Robert Sinclair

Accoring to Marshall Robert Sinclair was born in London on 1 July 1817, but according to Ellis came from a Caithness family, and was eduacated at Charterhouse. He was apprenticed to shipbuilders and later served with Robert Stephenson, the Grand Junction Railway, and the Paris & Rouen Railway. The last two positions initiated him in the traditions of Allan and Buddicom.

When he became the first locomotive superintendent of the Caledonian Railway in 1848, at the age of thirty-two, his locomotive designs were in the Allan style. On the Eastern Counties Railway (later Great Eastern), which he joined in 1856, he continued this line, but also introduced a completely new design of 2-4-0 passenger engine with stovepipe chimney. He provided cabs of unprecedented protectiveness, against which his enginemen strongly protested. As consultant engineer to the Great Luxemburg Railway he sponsored the introduction of a fast 2-4-2 tender locomotive with Bissell trucks, a type that became popular on mainland Europe.

Later Sinclair adapted the concept as a 2-4-2 tank locomotive for the Great Eastern's commuter services. As consulting engineer for the East Indian Railway, he designed an outside cylinder 2-4-0 which was built by W.G. Armstrong & Co. Whilst with the GER a Sinclair bogie single was painted "in a sort of virginal cream colour" for the wedding journey of the Prince and Princess of Wales to Wolferton on 10 March 1863. Between 1857, following the retirement of Bruff and 1866 Sinclair also acted as Civil Engineer to the GER. He was an early exponent of standardization, the Giffard injector and employed steel for axles and tyres earlier than most, and used roller bearings for carriages well ahead of their time.He retired to Italy where he did not die until 20 October 1898 and as Ellis notes "was becoming more and more forgotten in the land of his birth".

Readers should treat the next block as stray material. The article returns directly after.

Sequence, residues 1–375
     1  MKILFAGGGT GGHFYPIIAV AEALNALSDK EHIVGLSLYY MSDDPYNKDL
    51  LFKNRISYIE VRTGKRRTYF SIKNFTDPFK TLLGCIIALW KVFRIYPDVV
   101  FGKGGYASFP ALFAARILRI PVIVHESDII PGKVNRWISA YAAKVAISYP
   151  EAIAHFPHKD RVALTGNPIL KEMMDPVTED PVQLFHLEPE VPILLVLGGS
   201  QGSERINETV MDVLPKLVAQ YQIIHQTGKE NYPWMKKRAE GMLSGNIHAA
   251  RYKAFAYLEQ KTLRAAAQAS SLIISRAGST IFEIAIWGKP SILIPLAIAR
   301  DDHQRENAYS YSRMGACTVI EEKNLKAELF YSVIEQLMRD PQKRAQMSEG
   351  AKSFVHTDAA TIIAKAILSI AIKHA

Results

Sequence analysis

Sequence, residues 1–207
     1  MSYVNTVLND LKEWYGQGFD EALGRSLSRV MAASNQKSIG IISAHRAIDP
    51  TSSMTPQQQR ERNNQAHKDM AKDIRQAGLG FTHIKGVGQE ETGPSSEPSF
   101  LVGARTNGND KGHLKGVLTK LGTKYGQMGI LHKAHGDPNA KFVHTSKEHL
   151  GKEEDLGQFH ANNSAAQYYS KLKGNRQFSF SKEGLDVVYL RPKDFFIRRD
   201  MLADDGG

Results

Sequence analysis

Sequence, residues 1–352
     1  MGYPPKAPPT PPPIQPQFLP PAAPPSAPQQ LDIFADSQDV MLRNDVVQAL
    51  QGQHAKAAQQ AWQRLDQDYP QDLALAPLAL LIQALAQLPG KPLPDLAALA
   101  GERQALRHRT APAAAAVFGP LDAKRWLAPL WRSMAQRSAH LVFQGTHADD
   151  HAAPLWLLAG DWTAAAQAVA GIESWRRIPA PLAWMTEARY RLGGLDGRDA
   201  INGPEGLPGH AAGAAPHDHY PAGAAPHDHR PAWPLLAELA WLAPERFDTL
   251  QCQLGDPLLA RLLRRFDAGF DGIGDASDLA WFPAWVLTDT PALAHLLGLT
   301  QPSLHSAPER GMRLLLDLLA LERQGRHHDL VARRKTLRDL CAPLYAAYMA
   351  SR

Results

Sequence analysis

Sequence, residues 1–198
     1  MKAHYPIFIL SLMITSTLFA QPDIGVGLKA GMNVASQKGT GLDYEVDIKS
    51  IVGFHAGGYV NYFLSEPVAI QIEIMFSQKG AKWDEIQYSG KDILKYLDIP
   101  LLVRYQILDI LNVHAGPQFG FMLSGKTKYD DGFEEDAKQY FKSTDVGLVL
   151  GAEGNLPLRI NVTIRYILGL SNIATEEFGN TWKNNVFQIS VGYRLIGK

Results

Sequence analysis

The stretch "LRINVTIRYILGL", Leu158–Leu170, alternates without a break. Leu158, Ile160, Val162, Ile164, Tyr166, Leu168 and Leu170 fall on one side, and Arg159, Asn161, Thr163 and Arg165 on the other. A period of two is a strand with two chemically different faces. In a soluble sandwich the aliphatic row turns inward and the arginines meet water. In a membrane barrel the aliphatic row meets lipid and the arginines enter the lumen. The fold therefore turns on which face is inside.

John Thomas's Springburn story includes: Sinclair was old and ill and living quietly in retirement far away in Florence [at the time of the 1896 Caledonian Railway Springburn soirée]. When he died two years later Mr C. Du Riche Preller, writing in one of the professional journals, gave this picture of Sinclair in his last days: 'He lived,' wrote Preller, 'chiefly for and in his beautiful and extensive library, ever fresh in intellect and active in body, although well advanced in years. Sincerely beloved and respected by all who served under him professionally he was equally so by all who knew him in his private life, or like myself, in his placid, cultural retirement where few were aware that the Mr. Sinclair of refined literary tastes was Sinclair the engineer of the Caledonian and Great Eastern Railway fame.'

See: H. Ellis, Twenty Locomotive Men (1958).